05 May Positive Eco News from April 2021: From Whales to Wales
Welcome to the April edition of Wearth London’s ‘Positive Eco News’ blog post series! We’ve got quite the international selection of stories this month, with news from the UK, news from across the pond in the USA, and news from within the pond (well, the ocean) in between. Think: Wales, whales and… La La Land. Stick with us here - this motley crew of topics is going to make sense soon!
£8 Million Turns Golf Courses Green
Wildlife organisations in England and Wales have secured £8 million to fund a pioneering and planet-friendly project. The Wildlife Trusts coalition has introduced its 10 new nature schemes, which are to be implemented by various branches of the Wildlife Trust.
Chief executive of The Wildlife Trusts, Craig Bennett, highlighted the urgency of the coalition’s goals:
‘We need to transform nature-poor areas into new nature-rich places – and change the way we think about land, looking for opportunities to help nature outside traditional nature reserves.’
These projects aim to promote wildlife throughout England and Wales through a range of techniques and transformations. The Cumbria Wildlife Trust is converting a 42 acre former golf course into an oasis for urban bees and butterflies. Removing golf infrastructure, the Trust is going to create meadows and wetlands rich in wildflowers, trees and scrubs. In Norfolk, the Wildlife Trust is revitalising ‘pingo’ ponds - Eskimo for ‘hill’, these miniature ponds were created during the last ice age. This is going to support small scale species, such as the northern pool frog.
It’s no secret in the Wearth London community that sustainability schemes are essential. With environmental activist David Attenborough endorsing the Wildlife Trusts’ launch, we hope the wider public is going to join us in the eco-friendly movement. He said:
“We are facing a global extinction crisis which has implications for every one of us. It’s tempting to assume that the loss of wildlife and wild places is a problem that’s happening on the other side of the world. The truth is that the UK is one of the most nature-depleted countries on the planet and the situation is getting worse.”
Earth Day Release: Secrets of the Whales
From singing competitions to fussy eating, scientists have discovered that whales have cultural traditions and differences which were previously assumed to be unique to humans!
Want to discover the secrets of these majestic creatures?
Following its premier on 22 April, AKA Earth Day 2021, a highly anticipated Disney+ original series from National Geographic, titled Secrets of the Whales, is available to watch online! This four part documentary offers a captivating, unprecedented insight into the ‘hidden world of whale culture’. Created by acclaimed National Geographic Photographer, Explorer Brian Skerry, and Executive Producer James Cameron, the series follows the lifestyles of five whale species: orcas, humpbacks, belugas, narwhals and sperm whales.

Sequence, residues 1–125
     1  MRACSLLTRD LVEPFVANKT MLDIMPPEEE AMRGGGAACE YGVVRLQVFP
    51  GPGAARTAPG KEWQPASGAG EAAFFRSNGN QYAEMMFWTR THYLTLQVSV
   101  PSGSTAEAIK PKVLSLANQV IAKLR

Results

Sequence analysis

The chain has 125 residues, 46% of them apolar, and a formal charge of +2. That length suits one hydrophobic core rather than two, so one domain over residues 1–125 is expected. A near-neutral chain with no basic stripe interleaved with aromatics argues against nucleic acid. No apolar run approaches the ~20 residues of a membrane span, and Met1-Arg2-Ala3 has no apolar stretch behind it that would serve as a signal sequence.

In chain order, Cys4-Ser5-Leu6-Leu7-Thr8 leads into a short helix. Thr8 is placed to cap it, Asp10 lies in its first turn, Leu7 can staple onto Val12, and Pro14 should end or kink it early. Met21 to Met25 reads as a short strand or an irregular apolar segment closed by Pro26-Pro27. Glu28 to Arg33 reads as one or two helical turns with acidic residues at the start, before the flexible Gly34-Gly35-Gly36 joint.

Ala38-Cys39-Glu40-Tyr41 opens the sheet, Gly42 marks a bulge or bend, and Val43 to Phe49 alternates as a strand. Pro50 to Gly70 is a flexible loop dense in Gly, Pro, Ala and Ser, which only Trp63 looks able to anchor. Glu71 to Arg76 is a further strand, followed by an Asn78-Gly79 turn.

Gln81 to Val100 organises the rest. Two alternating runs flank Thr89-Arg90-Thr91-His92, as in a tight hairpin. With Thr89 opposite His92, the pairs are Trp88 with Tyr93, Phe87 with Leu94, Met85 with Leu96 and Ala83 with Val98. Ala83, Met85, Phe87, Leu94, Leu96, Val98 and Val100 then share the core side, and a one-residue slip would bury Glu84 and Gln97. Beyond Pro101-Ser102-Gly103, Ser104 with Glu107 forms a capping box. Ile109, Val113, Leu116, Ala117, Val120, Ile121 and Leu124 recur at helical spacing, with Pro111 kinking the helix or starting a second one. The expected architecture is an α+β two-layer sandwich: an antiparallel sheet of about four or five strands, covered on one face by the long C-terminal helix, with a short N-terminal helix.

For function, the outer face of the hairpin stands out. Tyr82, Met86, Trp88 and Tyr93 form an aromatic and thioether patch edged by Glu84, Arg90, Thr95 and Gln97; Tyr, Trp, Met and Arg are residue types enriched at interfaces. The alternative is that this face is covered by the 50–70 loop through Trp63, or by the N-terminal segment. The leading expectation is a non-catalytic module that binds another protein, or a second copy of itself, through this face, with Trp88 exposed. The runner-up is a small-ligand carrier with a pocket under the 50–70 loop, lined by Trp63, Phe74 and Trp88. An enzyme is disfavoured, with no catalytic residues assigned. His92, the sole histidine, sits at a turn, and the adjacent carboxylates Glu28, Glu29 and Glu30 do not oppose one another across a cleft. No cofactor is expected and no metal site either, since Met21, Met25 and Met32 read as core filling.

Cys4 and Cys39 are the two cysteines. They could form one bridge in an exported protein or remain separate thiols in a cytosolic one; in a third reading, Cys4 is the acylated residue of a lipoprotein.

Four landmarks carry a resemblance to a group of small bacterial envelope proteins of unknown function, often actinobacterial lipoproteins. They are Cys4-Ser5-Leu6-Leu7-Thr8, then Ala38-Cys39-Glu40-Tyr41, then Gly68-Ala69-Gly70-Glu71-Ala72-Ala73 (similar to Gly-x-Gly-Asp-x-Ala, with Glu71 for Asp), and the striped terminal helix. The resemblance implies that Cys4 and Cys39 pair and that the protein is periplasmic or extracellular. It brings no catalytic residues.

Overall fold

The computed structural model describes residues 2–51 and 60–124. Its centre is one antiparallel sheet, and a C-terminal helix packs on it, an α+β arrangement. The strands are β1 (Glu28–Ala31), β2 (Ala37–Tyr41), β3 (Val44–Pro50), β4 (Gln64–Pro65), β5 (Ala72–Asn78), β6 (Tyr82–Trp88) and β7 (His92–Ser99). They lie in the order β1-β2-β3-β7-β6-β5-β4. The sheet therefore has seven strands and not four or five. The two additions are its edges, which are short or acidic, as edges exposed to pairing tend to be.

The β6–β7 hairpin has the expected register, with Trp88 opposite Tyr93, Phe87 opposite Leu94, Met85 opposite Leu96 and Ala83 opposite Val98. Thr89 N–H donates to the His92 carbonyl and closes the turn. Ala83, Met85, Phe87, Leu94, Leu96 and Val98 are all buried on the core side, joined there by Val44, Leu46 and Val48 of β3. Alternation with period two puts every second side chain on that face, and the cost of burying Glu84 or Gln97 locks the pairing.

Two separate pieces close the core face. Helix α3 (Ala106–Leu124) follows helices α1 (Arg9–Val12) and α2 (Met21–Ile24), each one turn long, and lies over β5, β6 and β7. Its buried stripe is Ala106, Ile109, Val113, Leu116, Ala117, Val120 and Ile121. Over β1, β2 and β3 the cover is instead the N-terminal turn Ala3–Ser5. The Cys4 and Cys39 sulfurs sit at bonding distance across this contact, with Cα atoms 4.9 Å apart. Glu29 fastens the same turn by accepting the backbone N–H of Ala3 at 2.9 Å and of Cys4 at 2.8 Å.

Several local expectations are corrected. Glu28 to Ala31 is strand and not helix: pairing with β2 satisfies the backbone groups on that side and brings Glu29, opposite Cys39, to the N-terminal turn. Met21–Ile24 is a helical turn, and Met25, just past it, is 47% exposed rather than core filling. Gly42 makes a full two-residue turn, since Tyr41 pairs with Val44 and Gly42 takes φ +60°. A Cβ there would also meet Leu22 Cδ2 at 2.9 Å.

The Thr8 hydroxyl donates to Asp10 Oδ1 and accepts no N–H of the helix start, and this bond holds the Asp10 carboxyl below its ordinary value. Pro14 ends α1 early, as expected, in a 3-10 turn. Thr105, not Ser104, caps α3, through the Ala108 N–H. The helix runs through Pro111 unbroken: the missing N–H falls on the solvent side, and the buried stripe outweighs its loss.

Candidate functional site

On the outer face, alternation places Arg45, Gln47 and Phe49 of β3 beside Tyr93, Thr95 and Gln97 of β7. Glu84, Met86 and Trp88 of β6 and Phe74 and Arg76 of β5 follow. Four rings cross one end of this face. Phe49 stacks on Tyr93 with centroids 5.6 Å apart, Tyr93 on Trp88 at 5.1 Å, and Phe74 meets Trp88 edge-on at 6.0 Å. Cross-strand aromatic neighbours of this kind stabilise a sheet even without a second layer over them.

One particularly interesting parallel with humans is that whales develop communication dialects and behaviours according to where they’re from. The series captures how Belugas give themselves names, and even highlights the differentiations in parenting techniques preferred by whales.
In an interview with EcoWatch, Skerry explained the significance of this research to our understanding of wildlife:
‘The title refers to the latest and greatest science, which reveals that whales are a lot more like us than we first thought… Traditionally, [we were] afraid to anthropomorphize whales. But now, science shows us they're very complex — with societies, families, emotions and cultures.’
Read the National Geographic article about the project here, and watch each of the four episodes at Disney+.
From Hollywood to Harbour
The largest paved waterway in the world - which happens to be in Los Angeles, and is best known for car chase scenes in movies including Grease and The Dark Knight Rises - is slowly converting into an oasis for a species of endangered trout.
Stretching through La La Land from Santa Susana Mountains to Long Beach, the LA River experienced disastrous floods during the 1930s, which damaged the homes of both humans and aquatic species. While the city and federal government responded with measures which successfully mitigated harm to humans, the containing of the river flow impacted a diverse riparian ecosystem, including the now federally endangered Southern California Steelhead Trout.
Following decades of public frustration with the poor condition of the iconic waterway, the city is investing in its conservation and the protection of its aquatic inhabitants. The Los Angeles River Fish Passage and Habitat Structures Design Project is one of the pilot initiatives which intends to enable fish - particularly the endangered trout species - to swim freely through the LA River.
We hope you enjoyed this month’s Positive Eco News! Are there any similar stories you want to share? Join the Wearth London community and conversation on Instagram at @wearthlondon.